Finally, with the increasingly prominent trend towards the green supply chain, we started to see some emphasis this year on that message from some vendors, mostly in the plastics pallet and tote area, and even hydrogen driven lift trucks. Expect more of that in the future.

Again, you can see something about all these products on my video review.

Did you attend this year's ProMat show? What is your review? What new products, if any, caught your eye? What would you like to see coming to market that you didn't?

Let us know your thoughts.


Dan Gilmore


Supply Chain 

Videocast Series

Optimizing Transportation and Distribution Performance

You simply can get more goods on each truck.

How optimization at the order demand level will deliver lower transportation spend 4-10% and significant gains in productivity, and how leaders like P&G and Nestle are achieving real bottom line results.

It's an outstanding, highly educational presentation.

More information and to register.

Stock Report

It's back! Our supply chain and logistics stock report is back for 2007. See the performance of top software, hardware, transportation, 3PL and other public companies by week, month quarter and year.

Technology action was mixed, while logistics and transportation companies were up last week. See the compete results, available every Monday on scdigest.com

See stock report.


Didn't Get to Chicago? See our top hardware and software picks.




Jan. 12 , 2007

This Week’s Supply Chain News Bites – Only from SCDigest

Wal-Mart Gets New Head of Global Procurement

Wall Street analyst Says Manufacturing Job Loss to Offshoring May be Ebbing

Supreme Court Ruling Weakens Patent Protection, Gaining Cheers from Some Quarters

Behind Nardelli Exit at Home Depot, Inability to Get Customer Service Right is a Factor

Analyst Company Presents Pessimistic View of RFID Market in 2006, says 2007 May be Better

Jan. 12 , 2006

From the RetailWire: Wal-Mart Wants Vendors to Pursue Data Synchronization

Reduced admin costs, better in-stock positions, seen as main benefits

Jan. 4 , 2007

Top 10 Supply Chain Trends of 2006

How do our picks compare to the trends you saw impacting supply chain in 2006?



Q. According to MHIA and government statistics, 2005 saw the highest level of conveyor sales in the U.S. since what year?

A. Click to find the answer below


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Feedback is coming in at a rate greater than we can publish it - thanks for your response.

We're still behind - be patient if your letter has not yet been published

We were racing this week to get our ProMat review and video done, so an abbreviated selection of letters this week.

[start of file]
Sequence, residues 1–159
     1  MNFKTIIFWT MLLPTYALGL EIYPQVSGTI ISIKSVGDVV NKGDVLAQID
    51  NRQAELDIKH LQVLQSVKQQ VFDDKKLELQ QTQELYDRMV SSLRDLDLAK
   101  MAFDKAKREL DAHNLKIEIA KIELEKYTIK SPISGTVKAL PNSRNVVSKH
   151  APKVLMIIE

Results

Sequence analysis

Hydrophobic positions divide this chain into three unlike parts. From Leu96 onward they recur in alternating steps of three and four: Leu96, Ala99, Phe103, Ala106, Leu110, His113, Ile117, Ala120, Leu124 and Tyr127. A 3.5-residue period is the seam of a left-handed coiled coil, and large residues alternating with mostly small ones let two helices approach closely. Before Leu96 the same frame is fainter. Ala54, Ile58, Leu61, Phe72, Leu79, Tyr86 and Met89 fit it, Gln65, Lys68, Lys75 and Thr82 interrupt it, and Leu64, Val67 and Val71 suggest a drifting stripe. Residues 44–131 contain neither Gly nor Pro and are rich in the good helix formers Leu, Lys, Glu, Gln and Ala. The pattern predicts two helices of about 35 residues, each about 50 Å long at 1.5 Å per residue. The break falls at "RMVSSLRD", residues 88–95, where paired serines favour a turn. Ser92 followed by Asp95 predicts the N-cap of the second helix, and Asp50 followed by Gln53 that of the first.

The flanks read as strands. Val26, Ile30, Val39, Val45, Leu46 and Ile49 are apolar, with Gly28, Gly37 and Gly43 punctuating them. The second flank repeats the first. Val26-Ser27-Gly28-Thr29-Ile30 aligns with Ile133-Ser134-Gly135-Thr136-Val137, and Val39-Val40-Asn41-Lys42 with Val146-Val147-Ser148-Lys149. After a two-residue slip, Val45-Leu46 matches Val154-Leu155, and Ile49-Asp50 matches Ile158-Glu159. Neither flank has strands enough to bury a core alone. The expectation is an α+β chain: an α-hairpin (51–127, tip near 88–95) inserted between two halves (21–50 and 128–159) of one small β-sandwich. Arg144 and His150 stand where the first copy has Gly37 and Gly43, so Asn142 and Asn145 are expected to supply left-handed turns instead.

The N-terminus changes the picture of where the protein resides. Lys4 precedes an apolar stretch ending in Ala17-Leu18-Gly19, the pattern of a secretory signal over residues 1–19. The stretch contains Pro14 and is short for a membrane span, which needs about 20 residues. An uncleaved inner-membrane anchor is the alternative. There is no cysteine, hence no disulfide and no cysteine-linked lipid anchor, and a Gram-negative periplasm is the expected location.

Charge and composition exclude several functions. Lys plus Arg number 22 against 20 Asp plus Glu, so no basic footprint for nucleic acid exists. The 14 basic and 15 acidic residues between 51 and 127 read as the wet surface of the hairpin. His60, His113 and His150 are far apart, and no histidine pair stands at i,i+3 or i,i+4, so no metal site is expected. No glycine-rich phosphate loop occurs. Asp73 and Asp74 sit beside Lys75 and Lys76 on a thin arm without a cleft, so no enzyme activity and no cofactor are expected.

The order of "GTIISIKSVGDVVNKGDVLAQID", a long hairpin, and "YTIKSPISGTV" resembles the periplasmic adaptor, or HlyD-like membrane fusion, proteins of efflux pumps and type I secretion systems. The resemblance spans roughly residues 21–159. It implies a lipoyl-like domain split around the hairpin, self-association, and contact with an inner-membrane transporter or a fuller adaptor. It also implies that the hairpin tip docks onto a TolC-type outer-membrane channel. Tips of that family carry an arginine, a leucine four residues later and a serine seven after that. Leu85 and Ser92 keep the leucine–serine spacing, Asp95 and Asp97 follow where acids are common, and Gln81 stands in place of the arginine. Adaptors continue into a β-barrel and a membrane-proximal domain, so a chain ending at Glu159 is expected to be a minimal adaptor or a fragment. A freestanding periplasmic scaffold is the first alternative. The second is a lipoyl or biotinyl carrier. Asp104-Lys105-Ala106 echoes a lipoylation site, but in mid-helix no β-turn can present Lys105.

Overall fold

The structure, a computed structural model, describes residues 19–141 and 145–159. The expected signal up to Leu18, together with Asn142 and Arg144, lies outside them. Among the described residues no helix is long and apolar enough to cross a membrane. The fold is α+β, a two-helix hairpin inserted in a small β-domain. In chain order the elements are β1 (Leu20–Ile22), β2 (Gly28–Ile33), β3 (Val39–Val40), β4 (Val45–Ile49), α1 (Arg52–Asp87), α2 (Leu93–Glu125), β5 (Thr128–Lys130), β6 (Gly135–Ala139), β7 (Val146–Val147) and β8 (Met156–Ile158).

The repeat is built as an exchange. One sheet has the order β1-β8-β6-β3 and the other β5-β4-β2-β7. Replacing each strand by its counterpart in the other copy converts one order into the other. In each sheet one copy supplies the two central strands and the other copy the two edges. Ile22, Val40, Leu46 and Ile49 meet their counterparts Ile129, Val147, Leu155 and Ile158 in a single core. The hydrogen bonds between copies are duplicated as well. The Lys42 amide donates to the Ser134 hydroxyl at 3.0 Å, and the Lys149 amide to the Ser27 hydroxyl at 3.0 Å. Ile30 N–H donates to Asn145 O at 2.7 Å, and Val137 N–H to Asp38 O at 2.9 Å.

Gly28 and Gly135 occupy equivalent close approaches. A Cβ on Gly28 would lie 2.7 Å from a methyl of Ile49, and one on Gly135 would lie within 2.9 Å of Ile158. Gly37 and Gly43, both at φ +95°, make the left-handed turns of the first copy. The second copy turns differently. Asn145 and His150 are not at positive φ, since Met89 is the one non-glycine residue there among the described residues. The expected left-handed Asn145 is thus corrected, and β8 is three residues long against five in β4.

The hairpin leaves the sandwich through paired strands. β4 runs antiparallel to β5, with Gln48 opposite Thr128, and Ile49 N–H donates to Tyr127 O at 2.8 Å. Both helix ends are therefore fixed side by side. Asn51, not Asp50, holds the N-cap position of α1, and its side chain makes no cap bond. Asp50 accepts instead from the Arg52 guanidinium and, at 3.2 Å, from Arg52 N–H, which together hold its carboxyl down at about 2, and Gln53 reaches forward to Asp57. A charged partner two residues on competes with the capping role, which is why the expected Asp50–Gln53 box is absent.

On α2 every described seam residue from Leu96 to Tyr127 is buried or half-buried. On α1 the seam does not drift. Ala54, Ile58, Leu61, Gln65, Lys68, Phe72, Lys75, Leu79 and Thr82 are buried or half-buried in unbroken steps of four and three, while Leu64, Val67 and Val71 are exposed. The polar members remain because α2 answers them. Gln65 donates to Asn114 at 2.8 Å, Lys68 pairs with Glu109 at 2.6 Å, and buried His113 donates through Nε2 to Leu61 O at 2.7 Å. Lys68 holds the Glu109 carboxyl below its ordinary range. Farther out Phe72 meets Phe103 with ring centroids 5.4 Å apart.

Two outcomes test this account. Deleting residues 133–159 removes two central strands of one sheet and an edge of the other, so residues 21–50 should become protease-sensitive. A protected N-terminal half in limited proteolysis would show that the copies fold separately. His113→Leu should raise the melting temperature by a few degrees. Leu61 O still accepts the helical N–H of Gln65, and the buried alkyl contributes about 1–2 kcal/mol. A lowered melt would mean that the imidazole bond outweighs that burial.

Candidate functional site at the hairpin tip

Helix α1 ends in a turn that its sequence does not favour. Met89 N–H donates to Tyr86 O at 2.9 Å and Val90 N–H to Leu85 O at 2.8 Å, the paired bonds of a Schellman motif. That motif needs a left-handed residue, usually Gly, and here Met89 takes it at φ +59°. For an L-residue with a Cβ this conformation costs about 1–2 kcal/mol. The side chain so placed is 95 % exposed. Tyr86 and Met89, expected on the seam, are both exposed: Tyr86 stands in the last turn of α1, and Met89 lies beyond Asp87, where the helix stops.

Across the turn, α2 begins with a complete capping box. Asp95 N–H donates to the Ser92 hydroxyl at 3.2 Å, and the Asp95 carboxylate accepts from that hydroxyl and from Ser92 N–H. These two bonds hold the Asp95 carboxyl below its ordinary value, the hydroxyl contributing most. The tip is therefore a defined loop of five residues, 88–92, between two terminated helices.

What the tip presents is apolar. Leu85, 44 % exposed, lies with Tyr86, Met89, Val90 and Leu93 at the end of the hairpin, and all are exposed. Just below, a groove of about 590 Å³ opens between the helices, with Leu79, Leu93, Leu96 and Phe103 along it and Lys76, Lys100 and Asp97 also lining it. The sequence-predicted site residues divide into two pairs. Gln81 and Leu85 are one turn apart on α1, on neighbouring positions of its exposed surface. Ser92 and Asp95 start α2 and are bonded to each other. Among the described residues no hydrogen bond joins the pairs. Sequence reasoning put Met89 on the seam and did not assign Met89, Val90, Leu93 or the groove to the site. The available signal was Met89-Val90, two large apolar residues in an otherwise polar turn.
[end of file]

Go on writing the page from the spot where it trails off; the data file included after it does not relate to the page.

Our feedback of the week is from Ron Johnson on Computer Sciences, commenting on our piece about "Dynamic Supply Chain Alignment." There's another good letter from Enis MacSweeney of Henkel in Ireland, who wonders how much project management a consultant should own, coming out of our piece on the Aldo shoe DC automation project. Finally, Debra Bennett of the U.S. military says real-time dashboards sounds great (referencing our summary of Mike Brooks of Chevron's excellent presentation on the project he has been leading at his company), balancing real-time versus historical data is hard.

Keep the dialog going! Give us your thoughts on this week's Supply Chain topics. As always, we’ll keep your name anonymous if required.

Feedback of the Week – On Dynamic Supply Chain Alignment

While there are many supplier customer models (e.g. agile etc), all models benefit from collaboration, i.e. open and responsive communication of demand up the supply chain. There is arguably varying benefits to this collaboration. Some models that are more static, predictable, the responsive communication represents the same, repetitive message. In market environment where demand is erratic and lead time long, the value of responsive communication is very high. So the question is not is there value but rather is the value greater than the cost to implement and maintain?

Ron Johnson

Computer Sciences Corp.

On Aldo DC Automation Project:

I read with interest the article on the Aldo / DC automation project.

Of particular interest was how the project was managed and structured from Steering committee down, etc. I saw many parallels with our successful ERP / SAP implementation project in Henkel Ireland back in '04.

However, I was curious to learn that the DC Automation project was headed up or "project managed" by Deloitte, and not by someone from within the Aldo organisation. One of the key elements of our ERP success I think, was that it was managed as a "Business project" (not an "IT project") first and foremost by Henkel management, with the necessary technical support, etc provided by consultants.

Sometimes I think it's just politics at work, but I do think when working with consultants, the more successful projects are usually driven and implemented from within the organization.

Keep up the good work at SCDigest!

Enis MacSweeney

Supply Chain Manager
Henkel Ireland Ltd


Feedback on Real-Time Dashboards:


He [Chevron's Mike Brooks] mentions "focus on now," not historical data.  He also states that you should look at trends over time.   If you are developing metrics and looking at trends over time, how is that different from applying historical data to today's decisions?  We get criticized constantly for the fact that our trend lines are from information in the past so our data is not actionable because the future may not be like the past.  How do you overcome those criticisms? 

Debra S. Bennett

US Military


Q. According to MHIA and government statistics, 2005 saw the highest level of conveyor sales in the U.S. since what year?

A. 2005